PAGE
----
This is the supposition: Venus is too hot, Mars is too cold. If they switched places then Solar energy would change to make both more Earth-like. We might as well have had three instead of just one "Earth" in the solar system if the roulette of early planet formation had played out just a little bit differently.
That's of course too simple. But wouldn't it help a lot if it were the case from the beginning that Venus had had Mars' mass, and Mars had had Venus' mass? Or do other factors dominate mass and distance from the Sun?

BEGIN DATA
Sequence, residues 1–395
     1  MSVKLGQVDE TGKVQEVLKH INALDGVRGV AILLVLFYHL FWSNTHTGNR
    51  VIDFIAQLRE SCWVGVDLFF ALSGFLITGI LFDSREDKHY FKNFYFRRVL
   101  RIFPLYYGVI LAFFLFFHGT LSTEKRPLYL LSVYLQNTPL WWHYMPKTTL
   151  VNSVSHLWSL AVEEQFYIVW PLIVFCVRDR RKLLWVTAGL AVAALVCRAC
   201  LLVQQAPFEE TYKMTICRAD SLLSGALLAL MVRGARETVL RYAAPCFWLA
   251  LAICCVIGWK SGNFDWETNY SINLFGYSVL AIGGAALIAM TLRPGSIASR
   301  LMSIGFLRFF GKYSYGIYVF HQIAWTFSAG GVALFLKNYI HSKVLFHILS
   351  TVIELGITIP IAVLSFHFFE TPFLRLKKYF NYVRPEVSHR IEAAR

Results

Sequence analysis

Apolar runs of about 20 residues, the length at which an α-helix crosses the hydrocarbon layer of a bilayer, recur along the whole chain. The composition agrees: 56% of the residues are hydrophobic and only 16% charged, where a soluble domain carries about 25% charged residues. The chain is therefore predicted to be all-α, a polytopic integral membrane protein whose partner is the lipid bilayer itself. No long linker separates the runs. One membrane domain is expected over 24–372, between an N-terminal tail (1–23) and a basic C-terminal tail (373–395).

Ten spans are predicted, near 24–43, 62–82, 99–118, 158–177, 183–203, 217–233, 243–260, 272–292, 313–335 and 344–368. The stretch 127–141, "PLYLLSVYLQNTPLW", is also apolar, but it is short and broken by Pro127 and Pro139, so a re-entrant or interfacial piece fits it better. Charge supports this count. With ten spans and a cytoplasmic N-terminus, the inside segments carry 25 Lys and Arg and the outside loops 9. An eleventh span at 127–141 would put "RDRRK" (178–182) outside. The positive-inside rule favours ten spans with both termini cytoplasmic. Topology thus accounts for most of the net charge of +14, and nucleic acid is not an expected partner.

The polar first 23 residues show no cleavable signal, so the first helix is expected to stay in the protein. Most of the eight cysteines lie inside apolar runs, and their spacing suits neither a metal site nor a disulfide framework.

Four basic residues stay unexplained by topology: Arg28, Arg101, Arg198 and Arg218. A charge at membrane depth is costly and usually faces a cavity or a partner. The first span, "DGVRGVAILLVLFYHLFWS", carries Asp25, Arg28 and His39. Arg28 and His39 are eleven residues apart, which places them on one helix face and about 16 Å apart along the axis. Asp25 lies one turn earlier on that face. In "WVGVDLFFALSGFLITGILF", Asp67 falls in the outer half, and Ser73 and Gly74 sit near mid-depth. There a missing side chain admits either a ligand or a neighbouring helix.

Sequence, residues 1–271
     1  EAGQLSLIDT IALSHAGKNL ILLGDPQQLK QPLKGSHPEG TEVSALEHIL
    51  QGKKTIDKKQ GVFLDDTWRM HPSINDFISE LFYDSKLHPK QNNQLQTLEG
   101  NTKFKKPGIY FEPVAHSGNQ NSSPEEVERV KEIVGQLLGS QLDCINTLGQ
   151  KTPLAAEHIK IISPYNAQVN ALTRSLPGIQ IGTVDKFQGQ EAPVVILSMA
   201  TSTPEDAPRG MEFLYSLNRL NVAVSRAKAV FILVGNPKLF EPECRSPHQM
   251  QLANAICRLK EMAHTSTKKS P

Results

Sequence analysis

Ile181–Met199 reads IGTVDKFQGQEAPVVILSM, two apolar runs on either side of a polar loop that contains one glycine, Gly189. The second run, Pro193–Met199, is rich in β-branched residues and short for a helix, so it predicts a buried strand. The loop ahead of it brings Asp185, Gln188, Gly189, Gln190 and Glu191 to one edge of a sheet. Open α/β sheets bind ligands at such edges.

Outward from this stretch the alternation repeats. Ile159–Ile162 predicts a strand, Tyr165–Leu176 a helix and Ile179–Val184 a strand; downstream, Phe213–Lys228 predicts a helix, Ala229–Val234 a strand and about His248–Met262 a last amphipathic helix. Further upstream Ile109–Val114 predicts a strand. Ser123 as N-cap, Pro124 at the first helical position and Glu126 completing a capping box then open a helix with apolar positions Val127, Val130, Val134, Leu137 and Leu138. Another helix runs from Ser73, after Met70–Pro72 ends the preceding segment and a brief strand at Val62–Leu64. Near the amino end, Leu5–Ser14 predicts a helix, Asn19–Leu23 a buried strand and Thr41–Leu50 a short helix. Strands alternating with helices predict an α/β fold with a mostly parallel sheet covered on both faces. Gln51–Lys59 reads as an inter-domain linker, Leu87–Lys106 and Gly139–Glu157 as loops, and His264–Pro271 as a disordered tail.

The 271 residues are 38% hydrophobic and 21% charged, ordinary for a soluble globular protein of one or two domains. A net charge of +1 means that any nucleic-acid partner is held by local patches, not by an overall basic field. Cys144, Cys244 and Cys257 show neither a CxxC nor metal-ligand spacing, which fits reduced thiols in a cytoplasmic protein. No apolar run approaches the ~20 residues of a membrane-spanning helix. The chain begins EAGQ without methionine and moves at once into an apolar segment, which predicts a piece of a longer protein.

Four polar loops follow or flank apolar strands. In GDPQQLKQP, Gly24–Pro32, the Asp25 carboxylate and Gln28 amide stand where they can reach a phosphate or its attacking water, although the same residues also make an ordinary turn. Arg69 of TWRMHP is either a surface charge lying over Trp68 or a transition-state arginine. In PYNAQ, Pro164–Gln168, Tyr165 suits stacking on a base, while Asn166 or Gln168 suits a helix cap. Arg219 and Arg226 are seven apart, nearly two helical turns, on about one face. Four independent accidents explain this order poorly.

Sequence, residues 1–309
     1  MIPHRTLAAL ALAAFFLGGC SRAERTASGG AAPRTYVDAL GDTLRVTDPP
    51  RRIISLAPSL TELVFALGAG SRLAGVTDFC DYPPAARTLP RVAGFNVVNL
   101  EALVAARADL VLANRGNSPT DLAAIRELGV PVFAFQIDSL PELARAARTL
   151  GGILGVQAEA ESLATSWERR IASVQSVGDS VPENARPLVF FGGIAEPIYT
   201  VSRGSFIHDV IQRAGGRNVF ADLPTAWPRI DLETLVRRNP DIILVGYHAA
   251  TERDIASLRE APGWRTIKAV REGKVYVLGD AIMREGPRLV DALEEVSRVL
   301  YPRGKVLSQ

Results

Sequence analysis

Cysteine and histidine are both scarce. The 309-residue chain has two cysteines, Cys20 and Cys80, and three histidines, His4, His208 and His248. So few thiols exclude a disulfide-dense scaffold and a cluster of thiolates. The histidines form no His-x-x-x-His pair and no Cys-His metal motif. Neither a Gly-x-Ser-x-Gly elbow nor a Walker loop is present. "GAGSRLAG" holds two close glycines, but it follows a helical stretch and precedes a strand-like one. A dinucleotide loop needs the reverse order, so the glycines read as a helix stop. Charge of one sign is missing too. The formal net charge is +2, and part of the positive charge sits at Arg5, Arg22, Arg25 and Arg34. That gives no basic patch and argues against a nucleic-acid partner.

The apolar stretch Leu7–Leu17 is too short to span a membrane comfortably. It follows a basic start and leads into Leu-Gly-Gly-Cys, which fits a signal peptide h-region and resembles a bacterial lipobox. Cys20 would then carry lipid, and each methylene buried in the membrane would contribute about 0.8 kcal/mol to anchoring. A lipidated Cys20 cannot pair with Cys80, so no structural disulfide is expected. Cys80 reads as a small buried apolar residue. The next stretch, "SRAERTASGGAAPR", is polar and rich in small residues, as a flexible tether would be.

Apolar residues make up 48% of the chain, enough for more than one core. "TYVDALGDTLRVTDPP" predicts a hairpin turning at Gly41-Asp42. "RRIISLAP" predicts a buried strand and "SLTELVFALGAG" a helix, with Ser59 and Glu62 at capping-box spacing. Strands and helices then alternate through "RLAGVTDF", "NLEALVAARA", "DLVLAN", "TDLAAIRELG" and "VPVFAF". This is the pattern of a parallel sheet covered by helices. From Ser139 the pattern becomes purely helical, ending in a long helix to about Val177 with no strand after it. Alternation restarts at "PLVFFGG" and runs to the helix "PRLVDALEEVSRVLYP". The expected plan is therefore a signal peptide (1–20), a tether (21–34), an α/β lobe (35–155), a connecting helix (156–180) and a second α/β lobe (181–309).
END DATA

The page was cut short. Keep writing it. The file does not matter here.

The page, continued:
Would Venus still have had a thick, but not too thick, atmosphere if it were at 1.5 AU, because it has mass enough to keep one, and wouldn't that have kept it warmer than Mars is today? Including flowing water on its surface under its atmospheric pressure?
Would a Mars at 0.7 AU have been warmer and maybe have had a passing atmosphere created from melting volatiles during a longer era in its history?